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Sunday, December 6, 2009

Last Night: Dam-Funk at Poleng

Posted By on Sun, Dec 6, 2009 at 1:57 PM


Dam Funk
Poleng Lounge
Saturday, Dec. 5, 2009

Better than:
Any other combination of funk, fog, and deep fried breakfast.

It was a little after 10:30 p.m. last night and DJ Pickpocket had her arms full of donuts. It was her birthday party, and the holiday party for her club night with DJ AC, Donuts, and she was a little rushed in placing the signature giveaway from her popular night around the restaurant/nightclub. Poleng had only recently cleared out the last of the diners, and Pickpocket hurried to put paper plates of glazed, sprinkled, and otherwise delicious fried temptations on the mantle of the fireplace for folks to nosh on.

Behind her, the Sweater Funk crew served up sweet treats as well--prime cuts of funk, delivered by a large crew of crate diggers, some of whom were wearing matching Sweater Funk gang jackets (very slick). For grannies like myself who can't seem to make it to the DJ collective's Sunday night weekly at Li Po, it was great to hear them spin on a weekend, although the crowd was a little shy to hit the dance floor in the hours before Dam Funk popped off the night. One snappy dresser (all in black, white shoes) did a solo dance by the DJ booth, but most people were milling around the periphery of the front room, working up the courage to move to some excellent, obscure funk.

The main attraction, however, was in the damp, cramped, back room at Poleng. Dam-Funk came back from Los Angeles (again, one of many visits up north he's taken this year), and the Stones Throw's golden boy is such a popular commodity he had a circle of dudes chanting his name and jumping up and down for a good 20 minutes before he even hit the stage. The vibe in that back cave was pure adrenaline--and a little '90s rave. One reveler sported an old school t-shirt with a bright, lit up pair of sunglasses, and rainbow colored pixels inside the frames that undulated to the beat.



 

The dude's shirt was soon obscured, though, as was nearly everything else in the room, when Dam-Funk's presence was announced with giant, San Francisco-fog-bank waves of thick metallic smoke from the fog machine. It quickly got funky in every sense of word, as the space got humid, crowded, and a little surreal. When the clouds of smoke parted, you could watch a rotating selection of images on a video screen: shots of the words "pot," and "sex"; footage of a woman exercising; and glazed donuts floating through space.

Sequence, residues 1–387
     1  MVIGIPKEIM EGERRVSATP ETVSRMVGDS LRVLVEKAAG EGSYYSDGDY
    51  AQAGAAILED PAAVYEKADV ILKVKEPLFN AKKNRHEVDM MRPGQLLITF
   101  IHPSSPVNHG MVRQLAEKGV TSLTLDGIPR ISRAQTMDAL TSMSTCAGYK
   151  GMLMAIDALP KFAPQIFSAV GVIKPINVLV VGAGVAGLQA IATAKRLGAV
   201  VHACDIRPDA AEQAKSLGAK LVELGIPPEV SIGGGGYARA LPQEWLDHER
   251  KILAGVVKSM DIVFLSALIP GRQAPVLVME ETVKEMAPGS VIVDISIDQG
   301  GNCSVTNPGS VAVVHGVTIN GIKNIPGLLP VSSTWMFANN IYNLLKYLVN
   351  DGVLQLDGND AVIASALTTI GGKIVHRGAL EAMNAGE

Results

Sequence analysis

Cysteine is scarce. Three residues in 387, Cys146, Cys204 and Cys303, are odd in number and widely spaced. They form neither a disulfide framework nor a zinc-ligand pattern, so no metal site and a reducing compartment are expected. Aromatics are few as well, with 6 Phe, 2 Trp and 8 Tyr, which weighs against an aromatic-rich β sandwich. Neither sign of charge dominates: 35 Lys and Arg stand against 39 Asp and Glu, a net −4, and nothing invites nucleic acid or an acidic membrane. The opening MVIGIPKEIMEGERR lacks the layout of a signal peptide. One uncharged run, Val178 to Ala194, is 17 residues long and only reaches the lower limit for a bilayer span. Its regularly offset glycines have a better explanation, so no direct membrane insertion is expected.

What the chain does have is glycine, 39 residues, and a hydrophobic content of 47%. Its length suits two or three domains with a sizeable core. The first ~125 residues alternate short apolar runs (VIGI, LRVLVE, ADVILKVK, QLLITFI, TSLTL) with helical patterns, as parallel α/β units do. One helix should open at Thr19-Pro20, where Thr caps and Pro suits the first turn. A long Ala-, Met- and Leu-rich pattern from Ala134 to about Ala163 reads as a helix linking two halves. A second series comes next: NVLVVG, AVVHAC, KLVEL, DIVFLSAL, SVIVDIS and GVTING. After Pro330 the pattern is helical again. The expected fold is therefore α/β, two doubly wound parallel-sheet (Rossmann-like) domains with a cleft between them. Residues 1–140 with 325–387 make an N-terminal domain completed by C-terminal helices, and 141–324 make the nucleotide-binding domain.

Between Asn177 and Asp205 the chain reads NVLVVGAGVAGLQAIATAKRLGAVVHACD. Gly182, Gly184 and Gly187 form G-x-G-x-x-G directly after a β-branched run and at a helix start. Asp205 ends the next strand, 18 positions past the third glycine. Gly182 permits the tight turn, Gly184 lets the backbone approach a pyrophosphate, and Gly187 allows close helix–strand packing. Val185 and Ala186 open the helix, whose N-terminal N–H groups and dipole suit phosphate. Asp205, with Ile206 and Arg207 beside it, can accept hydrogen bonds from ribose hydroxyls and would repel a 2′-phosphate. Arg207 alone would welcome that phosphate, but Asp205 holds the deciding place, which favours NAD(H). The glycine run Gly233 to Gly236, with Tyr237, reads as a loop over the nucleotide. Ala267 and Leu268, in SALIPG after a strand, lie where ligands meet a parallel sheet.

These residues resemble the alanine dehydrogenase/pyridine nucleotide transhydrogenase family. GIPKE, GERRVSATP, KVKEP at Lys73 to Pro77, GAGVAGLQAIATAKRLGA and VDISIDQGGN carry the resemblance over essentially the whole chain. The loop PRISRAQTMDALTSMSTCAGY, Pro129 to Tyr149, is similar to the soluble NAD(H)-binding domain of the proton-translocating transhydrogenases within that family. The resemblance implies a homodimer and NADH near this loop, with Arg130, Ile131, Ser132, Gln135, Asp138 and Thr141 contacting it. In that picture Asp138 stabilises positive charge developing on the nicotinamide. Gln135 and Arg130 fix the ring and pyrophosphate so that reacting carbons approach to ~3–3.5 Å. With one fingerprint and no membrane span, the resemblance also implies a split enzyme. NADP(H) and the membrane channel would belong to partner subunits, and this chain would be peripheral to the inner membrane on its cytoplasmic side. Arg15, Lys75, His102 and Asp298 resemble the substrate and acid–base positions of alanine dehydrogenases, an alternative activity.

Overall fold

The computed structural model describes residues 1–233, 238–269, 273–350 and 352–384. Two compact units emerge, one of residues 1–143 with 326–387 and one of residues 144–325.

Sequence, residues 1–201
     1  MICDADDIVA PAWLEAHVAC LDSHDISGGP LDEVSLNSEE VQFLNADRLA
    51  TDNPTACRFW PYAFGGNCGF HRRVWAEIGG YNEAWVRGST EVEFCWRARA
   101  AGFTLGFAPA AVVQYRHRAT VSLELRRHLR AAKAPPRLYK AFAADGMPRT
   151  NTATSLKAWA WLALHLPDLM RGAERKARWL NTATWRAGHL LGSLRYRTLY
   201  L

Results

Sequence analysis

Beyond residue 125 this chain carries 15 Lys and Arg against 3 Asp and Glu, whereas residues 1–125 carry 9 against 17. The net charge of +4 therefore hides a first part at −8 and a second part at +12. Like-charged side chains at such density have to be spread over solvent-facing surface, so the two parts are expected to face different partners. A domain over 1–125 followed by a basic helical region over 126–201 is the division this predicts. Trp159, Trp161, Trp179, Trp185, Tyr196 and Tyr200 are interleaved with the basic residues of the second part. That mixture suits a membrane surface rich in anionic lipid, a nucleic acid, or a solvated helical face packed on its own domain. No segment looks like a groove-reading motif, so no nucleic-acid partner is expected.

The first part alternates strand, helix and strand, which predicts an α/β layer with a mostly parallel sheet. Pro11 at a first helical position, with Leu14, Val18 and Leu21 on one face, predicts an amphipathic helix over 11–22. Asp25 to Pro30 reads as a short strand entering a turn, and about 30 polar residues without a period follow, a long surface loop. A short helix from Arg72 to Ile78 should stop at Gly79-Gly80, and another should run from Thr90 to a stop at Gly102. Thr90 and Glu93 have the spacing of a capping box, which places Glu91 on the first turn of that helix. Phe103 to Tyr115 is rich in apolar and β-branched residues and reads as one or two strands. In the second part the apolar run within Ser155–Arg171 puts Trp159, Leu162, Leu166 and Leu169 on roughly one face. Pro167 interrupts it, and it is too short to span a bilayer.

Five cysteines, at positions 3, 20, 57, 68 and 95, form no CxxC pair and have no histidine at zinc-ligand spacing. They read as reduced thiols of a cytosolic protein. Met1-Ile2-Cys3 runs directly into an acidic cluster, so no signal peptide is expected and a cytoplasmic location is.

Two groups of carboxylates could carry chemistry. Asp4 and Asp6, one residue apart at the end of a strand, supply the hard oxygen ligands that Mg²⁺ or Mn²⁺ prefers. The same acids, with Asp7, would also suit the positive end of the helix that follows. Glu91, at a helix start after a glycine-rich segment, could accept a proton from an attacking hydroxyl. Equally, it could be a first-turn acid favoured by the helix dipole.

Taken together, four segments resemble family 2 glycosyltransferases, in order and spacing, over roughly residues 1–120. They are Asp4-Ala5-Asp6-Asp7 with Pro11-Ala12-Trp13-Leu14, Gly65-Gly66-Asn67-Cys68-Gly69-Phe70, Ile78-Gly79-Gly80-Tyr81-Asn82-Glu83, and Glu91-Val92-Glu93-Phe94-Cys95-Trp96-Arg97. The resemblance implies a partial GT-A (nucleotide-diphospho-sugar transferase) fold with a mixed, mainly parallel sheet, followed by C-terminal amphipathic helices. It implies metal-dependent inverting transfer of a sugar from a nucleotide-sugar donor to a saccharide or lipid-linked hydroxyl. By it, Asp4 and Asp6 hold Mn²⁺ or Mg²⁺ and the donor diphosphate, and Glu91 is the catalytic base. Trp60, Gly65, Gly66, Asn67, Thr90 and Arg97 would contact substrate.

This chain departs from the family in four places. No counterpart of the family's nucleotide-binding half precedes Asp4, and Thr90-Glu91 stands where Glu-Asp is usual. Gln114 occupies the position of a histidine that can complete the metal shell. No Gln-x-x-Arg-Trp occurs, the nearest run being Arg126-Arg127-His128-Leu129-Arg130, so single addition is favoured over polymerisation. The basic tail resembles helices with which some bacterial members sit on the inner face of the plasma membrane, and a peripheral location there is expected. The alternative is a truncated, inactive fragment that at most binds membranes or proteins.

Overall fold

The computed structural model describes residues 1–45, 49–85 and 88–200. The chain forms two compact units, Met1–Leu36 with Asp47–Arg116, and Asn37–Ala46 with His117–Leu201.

At home in the bizarro world atmosphere, Dam-Funk gave an animated, awesome performance. Keeping his sunglasses on all night, he worked a laptop and a microphone for his keytar-driven twist on modern funk. The beats and the banter were good and nasty--talk of funk and fucking were often interchangeable, and the crowd was a writhing, impenetrable mass by the stage. Folks ignored the broken glass where drinks had been dropped, or coupled up and stayed close as possible to their partners, oblivious to anything the deep, thick grooves Dam-Funk was driving through the speakers.

The intimacy of the show being held at Poleng worked as a double edged sword. Dam-Funk really fed off the crowd, which tried to surround him on stage before being (repeatedly) shooed away by the bouncers. And the backroom has a strong speakeasy vibe, which adds to the fun. It got a little frustrating not being able to dance without getting slammed into by someone else equally enjoying the beat, though, and the fog got so oppressive if felt like breathing in metal.

But hey, in the end, it was definitely the best holiday party--and dance party--I've been to in a long time. And Dam-Funk's spaced-out, space-age beats are only gonna propel him into bigger venues as he keeps coming back to the Bay. Catching him while his fans--and crowded rooms--are at a peak seems like a smart way to stay truly funky.

By the way: The pairing of Donuts, Sweater Funk, and Dam-Funk should be required from here on out. The music and crowd for all three went together like fried dough and sugar glaze.
 

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Ian S. Port

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